July 11, 2004

Sunday Sermon

from - smijer

What makes evil atheists evil? Someone close to me suggests that the common perception of atheists as dirty and threatening comes not from the pulpit, but from the unhappy coincidence that the most vocal atheists tend also to be the dirtiest and most threatening - giving atheists an undeserved bad name in much the same way that many hypocritical Christians give Christianity an undeserved bad name (or, one can almost hear our rebel-flagwaving neighbors saying, the way some lazy or criminal African Americans give all of them a bad name). At the time, I disagreed. My reasoning was that the average Joe or Sally Churchperson has probably never knowingly had any meaningful interaction with an atheist. They haven't had an opportunity to judge atheism by its outspoken proponents, because they've never really encountered them. But I think it goes much deeper than that. I began to think of outspoken atheists since Voltaire, and whether they have truly conformed to the theory. Could the real outspoken atheists give the rest of us a bad name, if we knew who they were? Here is the list I have compiled. It is quite incomplete, but I would argue that it is, at least in some ways, representative:

  • Voltaire: According to this brief biography, his "intelligence, wit and style made him one of France's greatest writers and philosophers." These words (or some variant of them) are attributed to Voltaire, "In 100 years [the Bible] will be forgotten and eliminated". Obviously, his prediction failed, yet we see from it his outspokenness against religion. Interestingly, it was a religious group that disinterred his body after burial.
    In 1814 a group of "ultras" (right-wing religious) stole Voltaire's remains and dumped them in a garbage heap. No one was the wiser for some 50 years. His enormous sarcophagus (opposite Rousseau's) was checked and the remains were gone. (see Orieux, Voltaire, vol. 2 pp. 382-4.) His heart, however, had been removed from his body, and now lies in the Bibliotheque Nationale in Paris. His brain was also removed, but after a series of passings-on over 100 years, disappeared after an auction.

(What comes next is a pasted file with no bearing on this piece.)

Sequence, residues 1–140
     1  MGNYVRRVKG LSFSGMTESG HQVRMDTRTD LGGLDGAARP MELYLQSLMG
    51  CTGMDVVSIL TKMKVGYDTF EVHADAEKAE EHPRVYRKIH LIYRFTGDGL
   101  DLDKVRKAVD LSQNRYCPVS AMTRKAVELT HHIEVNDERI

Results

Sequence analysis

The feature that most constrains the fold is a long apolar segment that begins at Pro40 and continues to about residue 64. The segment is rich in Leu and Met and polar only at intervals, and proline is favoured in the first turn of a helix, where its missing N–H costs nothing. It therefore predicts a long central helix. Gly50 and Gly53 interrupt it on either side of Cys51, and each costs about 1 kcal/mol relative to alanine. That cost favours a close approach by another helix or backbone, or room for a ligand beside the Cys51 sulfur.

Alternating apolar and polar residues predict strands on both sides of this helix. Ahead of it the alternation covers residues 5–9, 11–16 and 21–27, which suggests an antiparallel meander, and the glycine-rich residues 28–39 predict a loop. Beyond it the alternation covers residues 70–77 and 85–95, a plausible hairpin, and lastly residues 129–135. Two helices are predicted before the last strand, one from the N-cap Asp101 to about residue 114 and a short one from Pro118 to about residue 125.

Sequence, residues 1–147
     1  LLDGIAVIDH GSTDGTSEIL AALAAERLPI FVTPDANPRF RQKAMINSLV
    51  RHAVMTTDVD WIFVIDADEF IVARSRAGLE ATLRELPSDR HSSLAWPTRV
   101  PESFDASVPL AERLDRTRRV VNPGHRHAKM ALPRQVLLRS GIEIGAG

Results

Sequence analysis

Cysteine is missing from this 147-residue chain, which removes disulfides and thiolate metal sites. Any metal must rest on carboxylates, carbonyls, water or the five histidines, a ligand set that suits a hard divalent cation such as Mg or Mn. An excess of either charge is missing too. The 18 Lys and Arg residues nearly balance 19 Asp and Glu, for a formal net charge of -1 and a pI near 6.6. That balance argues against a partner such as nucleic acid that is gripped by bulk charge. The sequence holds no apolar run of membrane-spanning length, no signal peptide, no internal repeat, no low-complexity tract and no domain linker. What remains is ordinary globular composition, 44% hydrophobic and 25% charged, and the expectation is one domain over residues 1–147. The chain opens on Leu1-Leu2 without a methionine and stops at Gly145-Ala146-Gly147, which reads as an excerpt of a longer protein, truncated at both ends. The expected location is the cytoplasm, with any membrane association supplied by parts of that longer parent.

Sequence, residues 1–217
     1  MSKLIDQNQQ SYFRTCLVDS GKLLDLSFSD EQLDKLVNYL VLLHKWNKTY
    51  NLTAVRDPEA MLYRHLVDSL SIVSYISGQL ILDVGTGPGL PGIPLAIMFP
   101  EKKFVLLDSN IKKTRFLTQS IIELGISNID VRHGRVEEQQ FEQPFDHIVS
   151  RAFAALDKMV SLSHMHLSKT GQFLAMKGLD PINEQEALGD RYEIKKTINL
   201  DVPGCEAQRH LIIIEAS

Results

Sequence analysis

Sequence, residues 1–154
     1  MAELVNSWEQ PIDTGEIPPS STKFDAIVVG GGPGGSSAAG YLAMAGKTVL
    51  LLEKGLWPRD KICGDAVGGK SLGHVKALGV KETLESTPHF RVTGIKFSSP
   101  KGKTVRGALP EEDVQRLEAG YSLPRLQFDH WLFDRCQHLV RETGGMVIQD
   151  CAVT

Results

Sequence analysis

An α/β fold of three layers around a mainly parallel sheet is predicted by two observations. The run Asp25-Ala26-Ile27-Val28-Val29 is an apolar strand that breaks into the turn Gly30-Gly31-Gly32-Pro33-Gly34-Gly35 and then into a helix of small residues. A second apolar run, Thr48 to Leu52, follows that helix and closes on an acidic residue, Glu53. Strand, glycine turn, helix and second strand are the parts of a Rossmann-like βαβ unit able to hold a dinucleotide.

• Thomas Paine: One of America's founding fathers, a great patriot and veteran of the Revolutionary war, he was among the first to publically criticize the practice of slavery. His outspokenness against religion led him to write The Age of Reason, a pamphlet of early Biblical criticism.
  • Bertrand Russell: He was a great mathematician and logician from the early 20th century. In addition, he spent six months in jail for his anti-war activities in the first world war. He did have moral failings in the realm of sexual morality (that favorite of the priestly class), but he was certainly no dirtier or more threatening than any Christian adulterer.
  • Richard Dawkins: Maybe this is one of those atheists that give us a bad name. He is much more likely to win the Nobel Prize for Biology than for Peace. He is just a biologist and science popularizer. He is sometimes crass and condescending in his denunciations of Young Earth Creationism and other such nonsense. But, still - no... we cannot convict him of being dirty and threatening on the basis of mere style. He is an outspoken proponent of philosophical natualism: the philosophy that all that exists conforms to natural regularity.

    I left off scores of well known (and often well-loved) atheists who were not outspoken about religion. A nice list of well known ones can be found here.

    When atheists are outspoken, they may speak out against one of three things. First, they may speak out against people. They may call call Christians moral or intellectual weaklings. That would rightly make them (individually) seem dirty and threatening. But the ones I've mentioned weren't in any such habit. Certainly, I am not. My position is, to paraphrase Michael Shermer , that religious people are (often) smart people who are good at rationalizing things they came to believe for not-smart reasons.

    Second, an outspoken atheist may criticize ideas. They may remark on the self-evidently ridiculous notions of people walking on water, people coming back to life after several days dead, or talking animals. Any of these things are ridiculous, and would never be taken seriously by Christians outside the context of their mythology. However, people do take it seriously when we laugh at their intellectual idols. I think the propensity to attack bad ideas garners a measure of vilification from the pulpit and the parishoners.

    Third, and last, an outspoken atheist may speak out against that fragile side of human psychology that makes us feel that we need to believe in these unbelievable things, and makes us terrified to give our beliefs an honest examination. It is this part of our psychology - the part that creates those most shallow but unshakeable convictions, that causes us to hate and lash out against that which threatens to show our convictions false. And, it is the fear residing in this part of our psychology that creates the most negative impressions about atheists, whether it is summoned by our own fear of death, by an e-mail chain letter (where the obnoxious atheistic college professor gets his comeuppance at the hands of a faithful student), or from the pulpit.


    Posted by smijer at July 11, 2004 12:44 PM
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